Posted August 11, 2012 by Mikael Angelo Francisco in Comics


“Though the world may mock Peter Parker, the timid teenager…It will soon marvel at the awesome might of…Spider- Man!”

It was on August 15, 1962 when the final issue of a seemingly unimpressive title was released, its cover prominently featuring a figure clad in red and blue swinging high above the city streets. At the time, nobody had any idea that this character would one day become the flagship character of the company that had almost no faith in him. This new superhero – called Spider-Man – was almost completely junked, because no one at Marvel Comics believed in the character’s potential at the time.

No one, that is, except Stan Lee.

It was Lee (born Stanley Martin Lieber) who fought tooth and nail with his publisher, Martin Goodman, to let him write Spider-Man’s story. Goodman didn’t have much faith in Lee’s new brainchild, and perhaps with good reason. Spiders are “disgusting” things that people hate, said Goodman; how could readers like someone who actively chooses to dress like this foul, hairy little critter? Additionally, Lee had envisioned this character as a nerdy, troubled, timid high school loser; how could people look up to a character like that?

Ultimately, Lee was granted permission, and thus he continued to work on Spider-Man’s origin story and design with artist Steve Ditko. Amazing Adult Fantasy, Marvel’s soon-to-be-iced science fiction/fantasy comic, was renamed Amazing Fantasy with #15, and was released with a cover drawn by legendary artist Jack Kirby.

The story of Peter Parker instantly clicked with readers young and old alike. Here was a superhero who clearly embodied the everyman. He didn’t have vast wealth and a secret headquarters to fight crime with; hell, this guy had to sew his own costume. He couldn’t fly, and he wasn’t an alien god, or a prince from a society of immortal warriors; he was a bespectacled teenage nerd with girl problems who was bullied at school. And, most importantly, he failed. He was not an infallible superhuman who shrugged off bullets like they were nothing; he was a selfish gloryhog who, in a single act of irresponsibility, indirectly killed his own father figure…and inevitably set the course of his life towards a path of heroism and altruism, all because of a mistake he will never, ever be able to correct.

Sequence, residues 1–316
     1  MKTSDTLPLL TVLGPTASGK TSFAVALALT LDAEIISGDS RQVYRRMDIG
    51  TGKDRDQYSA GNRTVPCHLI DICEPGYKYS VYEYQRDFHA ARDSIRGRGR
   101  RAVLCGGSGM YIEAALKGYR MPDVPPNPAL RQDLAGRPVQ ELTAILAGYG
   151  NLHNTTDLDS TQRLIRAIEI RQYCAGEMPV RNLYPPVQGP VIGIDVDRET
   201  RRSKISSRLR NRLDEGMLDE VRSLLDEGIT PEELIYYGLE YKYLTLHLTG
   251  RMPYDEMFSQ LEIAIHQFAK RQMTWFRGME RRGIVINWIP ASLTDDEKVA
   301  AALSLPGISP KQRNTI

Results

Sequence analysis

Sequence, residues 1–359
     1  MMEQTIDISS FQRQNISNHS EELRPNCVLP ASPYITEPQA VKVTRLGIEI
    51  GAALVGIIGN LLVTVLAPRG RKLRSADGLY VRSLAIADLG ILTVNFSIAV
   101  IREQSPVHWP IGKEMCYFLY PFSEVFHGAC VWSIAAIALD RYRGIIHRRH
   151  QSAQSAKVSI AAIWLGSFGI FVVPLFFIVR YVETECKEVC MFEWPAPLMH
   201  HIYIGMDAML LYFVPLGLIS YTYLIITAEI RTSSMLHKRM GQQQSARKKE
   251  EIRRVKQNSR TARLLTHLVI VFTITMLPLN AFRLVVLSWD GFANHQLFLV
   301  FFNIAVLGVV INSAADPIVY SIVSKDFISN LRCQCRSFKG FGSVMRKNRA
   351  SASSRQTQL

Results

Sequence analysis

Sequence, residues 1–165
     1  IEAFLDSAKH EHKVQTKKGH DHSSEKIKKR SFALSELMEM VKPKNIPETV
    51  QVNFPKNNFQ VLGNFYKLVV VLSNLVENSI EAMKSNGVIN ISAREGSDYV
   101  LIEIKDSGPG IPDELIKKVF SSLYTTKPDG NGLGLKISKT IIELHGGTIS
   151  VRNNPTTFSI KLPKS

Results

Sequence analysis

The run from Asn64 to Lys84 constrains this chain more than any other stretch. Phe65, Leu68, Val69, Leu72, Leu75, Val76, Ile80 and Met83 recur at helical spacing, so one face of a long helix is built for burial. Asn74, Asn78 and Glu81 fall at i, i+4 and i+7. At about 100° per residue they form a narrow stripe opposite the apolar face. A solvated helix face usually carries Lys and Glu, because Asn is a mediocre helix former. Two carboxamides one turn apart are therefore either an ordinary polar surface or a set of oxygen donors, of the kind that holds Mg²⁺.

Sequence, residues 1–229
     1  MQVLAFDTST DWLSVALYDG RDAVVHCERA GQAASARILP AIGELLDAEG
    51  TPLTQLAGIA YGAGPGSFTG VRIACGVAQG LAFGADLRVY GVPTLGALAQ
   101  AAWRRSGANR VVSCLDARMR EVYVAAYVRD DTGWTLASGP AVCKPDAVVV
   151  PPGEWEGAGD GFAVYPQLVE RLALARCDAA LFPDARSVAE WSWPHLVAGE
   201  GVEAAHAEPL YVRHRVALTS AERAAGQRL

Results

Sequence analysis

For 50 years, fans all over the world have faithfully followed the adventures of the skinny little nerd who, thanks to an incident that was perhaps part miracle and part destiny, became one of the greatest heroes in the world of fiction.

In this five-part feature, we’ll take a look at 50 of the greatest and most interesting moments in Spider-Man’s history. Let’s start off with 10 of Spider-Man’s most “I-can’t-believe-this-is-happening” moments – transformations literal and otherwise, as well as…other Spider-Men?!

Happy 50th birthday, Spider-Man!

50. Spider-Man Strikes A Deal With Mephisto! Spider-Man: One More Day (November 2007-January 2008)

One of the direct consequences of Spider-Man’s revelation of his secret identity (in the Marvel event Civil War) was that he was immediately targeted, as Peter Parker, by nearly ALL of the enemies he’s made over the years. The one who struck closest to home, though (figuratively and literally) was Wilson Fisk, the Kingpin, who ordered a hit on the wall-crawler. Unfortunately, the sniper bullet meant for Peter hits his beloved Aunt May instead, and as a result, Peter scours the Marvel Universe seeking help to save the person who has been his mother and guiding light for so many years. In the end, he turns to the Lord of Hell, Mephisto, who saves his aunt and erases all records of his secret identity from the world…at the cost of what the devil himself claimed to be the “purest love” of all: Peter and Mary Jane’s marriage. Before Peter could make a decision, MJ willingly sacrifices their marriage for Peter’s happiness, with the promise that they will someday find each other once again. Waking up to a Brand New Day as a swinging bachelor, Peter Parker gets a fresh start on life, meeting new friends, making new enemies and getting new opportunities to make a mark on the world. However, he could not, for the life of him, shake the feeling that he lost something so important in his life…

One More Day (OMD) led to a franchise-wide retcon-slash-reboot. Some of the most important changes to Spider-Man’s life were his return to using webshooters, the revival of Harry Osborn, and the introduction of new villains, as well as the revitalization of classic Spider-Man foes. While to many fans (myself included), this four-part is one of the most controversial, reviled, and foul-tasting Spider-Man tales ever told in his 50-year history, the significant impact of One More Day on Spider-Man canon absolutely cannot be denied. This single factor alone merits the inclusion of OMD on this list.